Chief Don Ivy Memorial

May 7 event will honor Chief Don Ivy

NORTH BEND – The family of Chief Donald Boyd Ivy invites the community to honor his memory on Saturday, May 7, 2022, at The Mill Casino-Hotel.

Family members, friends and colleagues will celebrate Chief Ivy’s life and share memories, both in person and in a tribute film. The event starts at 1 p.m. and will be followed by a reception. Everyone is welcome.

Chief Ivy was born in North Bend in 1951 and grew up in the Empire area. After pursuing a career in retailing and sales, he returned to the Coos Bay area in 1991 to work for his tribe. He was elected as its chief in 2014 and served until a few days before his death on July 19, 2021, after a seven-month battle with cancer.

He is remembered as a dynamic leader and skilled consensus builder. He worked effectively to establish Oregon’s strong inter-tribal and inter-governmental relationships, and he relentlessly pursued economic and educational opportunities for Indian people. By researching and sharing knowledge about tribal culture and history, he encouraged understanding and respect for the heritage of Native American people in Oregon.

A public memorial for Chief Ivy was delayed during the COVID pandemic. Now, with restrictions lifted on public gatherings, his many friends can join his family for an afternoon of recognition and remembrance.

The family requests no photography or recording of the event.

In lieu of flowers, the family asks that donations in Chief Ivy’s memory be given to the Donald Ivy Memorial Scholarship Endowment at Southwestern Oregon Community College. Donations also can be given to the Elakha Alliance, an organization he helped found to restore Oregon’s sea otter population, at

College honors Chief Ivy

Southwestern honors Donald Ivy as 2021 Distinguished Alumnus

From Southwestern Oregon Community College, May 7, 2021

COOS BAY, OR — Southwestern Oregon Community College is pleased to announce the selection of Donald Ivy of Coos Bay as the 2021 Distinguished Alumnus.

Ivy is Chief of the Coquille Indian Tribe, a position he has held since 2014. In a nomination supported by educators, tribal leaders, former lawmakers, and Oregon’s governor, advocates for the award describe Ivy as representing “the best of what any educational institution hopes to achieve.” He encourages “individuals to think deeply, make an impact, share their knowledge and go on to encourage others to do the same.”

Ivy has made it his lifetime endeavor to work in growing knowledge, understanding history and engaging youth. The state of Oregon honored him with its Heritage Excellence Award in 2013. The following year, the University of Oregon appointed Ivy as its first-ever Tribal Elder in Residence.

“This honor is a reminder of the great privilege I have to know the people I know. I am thankful for the graces and goodwill of other people more accomplished than me who have allowed me into their space,” Ivy said.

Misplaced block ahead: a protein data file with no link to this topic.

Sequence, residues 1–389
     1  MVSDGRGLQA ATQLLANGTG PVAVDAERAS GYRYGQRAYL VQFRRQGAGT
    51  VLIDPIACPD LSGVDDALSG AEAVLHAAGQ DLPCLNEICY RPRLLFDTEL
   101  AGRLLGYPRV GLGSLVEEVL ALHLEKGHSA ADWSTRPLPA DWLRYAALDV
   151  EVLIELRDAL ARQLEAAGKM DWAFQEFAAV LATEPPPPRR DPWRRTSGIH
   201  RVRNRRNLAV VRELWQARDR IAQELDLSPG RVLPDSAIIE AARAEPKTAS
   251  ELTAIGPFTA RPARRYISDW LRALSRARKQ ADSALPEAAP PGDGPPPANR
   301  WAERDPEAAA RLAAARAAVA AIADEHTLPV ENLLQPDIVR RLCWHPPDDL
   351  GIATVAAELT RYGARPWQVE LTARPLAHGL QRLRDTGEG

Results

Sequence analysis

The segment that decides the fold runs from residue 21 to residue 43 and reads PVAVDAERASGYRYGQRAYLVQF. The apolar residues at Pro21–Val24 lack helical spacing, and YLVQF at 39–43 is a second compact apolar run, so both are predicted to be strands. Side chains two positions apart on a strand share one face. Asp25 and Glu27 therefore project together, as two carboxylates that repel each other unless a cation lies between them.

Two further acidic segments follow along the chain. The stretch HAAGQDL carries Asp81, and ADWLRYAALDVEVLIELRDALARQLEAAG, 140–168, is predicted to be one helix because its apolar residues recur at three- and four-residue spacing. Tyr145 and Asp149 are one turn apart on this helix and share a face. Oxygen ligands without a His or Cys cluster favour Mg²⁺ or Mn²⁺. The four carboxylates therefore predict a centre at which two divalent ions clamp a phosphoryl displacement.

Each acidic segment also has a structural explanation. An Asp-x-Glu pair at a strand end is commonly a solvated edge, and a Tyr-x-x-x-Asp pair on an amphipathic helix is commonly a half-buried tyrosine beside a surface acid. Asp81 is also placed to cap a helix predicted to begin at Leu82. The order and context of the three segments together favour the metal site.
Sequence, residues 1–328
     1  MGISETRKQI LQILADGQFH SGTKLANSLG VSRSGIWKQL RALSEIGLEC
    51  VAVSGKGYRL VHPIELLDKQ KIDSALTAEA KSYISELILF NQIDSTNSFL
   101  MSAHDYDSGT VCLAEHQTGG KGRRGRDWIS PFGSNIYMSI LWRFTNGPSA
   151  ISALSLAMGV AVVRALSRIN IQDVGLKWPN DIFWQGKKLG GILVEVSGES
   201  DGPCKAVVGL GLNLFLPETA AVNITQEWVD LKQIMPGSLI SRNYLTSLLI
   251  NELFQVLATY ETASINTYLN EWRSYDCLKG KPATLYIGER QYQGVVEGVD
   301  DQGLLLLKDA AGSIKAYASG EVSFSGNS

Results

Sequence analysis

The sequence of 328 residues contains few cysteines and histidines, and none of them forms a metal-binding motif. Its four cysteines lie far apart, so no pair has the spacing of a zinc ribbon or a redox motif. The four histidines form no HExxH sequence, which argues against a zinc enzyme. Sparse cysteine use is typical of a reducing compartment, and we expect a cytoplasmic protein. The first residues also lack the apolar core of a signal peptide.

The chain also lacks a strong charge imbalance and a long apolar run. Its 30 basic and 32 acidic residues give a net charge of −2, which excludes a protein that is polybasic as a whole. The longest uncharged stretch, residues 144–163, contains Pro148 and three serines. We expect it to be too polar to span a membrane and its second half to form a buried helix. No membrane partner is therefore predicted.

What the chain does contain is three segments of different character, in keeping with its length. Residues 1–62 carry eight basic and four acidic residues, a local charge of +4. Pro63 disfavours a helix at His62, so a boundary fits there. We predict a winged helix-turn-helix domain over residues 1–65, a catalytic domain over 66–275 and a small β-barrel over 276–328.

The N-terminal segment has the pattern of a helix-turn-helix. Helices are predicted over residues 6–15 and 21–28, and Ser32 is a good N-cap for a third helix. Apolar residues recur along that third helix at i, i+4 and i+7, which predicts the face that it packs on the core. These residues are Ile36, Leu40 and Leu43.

Ivy has published articles on history and archaeology. He is a senior fellow of the American Leadership Forum. While heading the Coquille Tribe’s cultural program, he oversaw creation of the Kilkich Youth Corps, which provides workplace skills, mentoring and summer employment to tribal teens.

“Don Ivy came to our college in the mid-1990s to learn about the land, history and philosophy. He has used that knowledge to become in many ways a teacher for us all. He is a genuine leader who brings people together with shared vision for self-improvement and making our state better,” said Southwestern President Patty Scott.

Ivy served for several years on the college’s Foundation, advocating for the need to support scholarships and invest in quality facilities and training for residents of the south Oregon coast region. Under his leadership, the Coquille Indian Tribe was the college’s first vocal supporter and partner in building the college’s new Health & Science Technology center. The building will open in fall 2021, providing modern labs for training new generations of scientists, engineers and health care professionals.

“When I talk to somebody who’s a SWOCC student, I talk to them about the technology building. I see the excitement in our nursing students and others, and that building how important it is to them,” Ivy said. “I’m hoping the doors swing open in the fall and we fill it with students, and know we have accomplished a great thing.”

The Southwestern Foundation typically honors Distinguished Alumni in a celebration in coordination with graduation. This year, the college is postponing a Distinguished Alumni celebration until tentatively fall 2021.

“The whole COVID thing has challenged us with asking, ‘What are those things that are the most deeply rooted, the big important things that really, really matter,” Ivy said. “Celebration of community is hugely important. It reminds us to be together.”

This is the 30th year Southwestern has honored alumni who have demonstrated significant contributions to their professions, communities, or academia. To learn more about the college, go to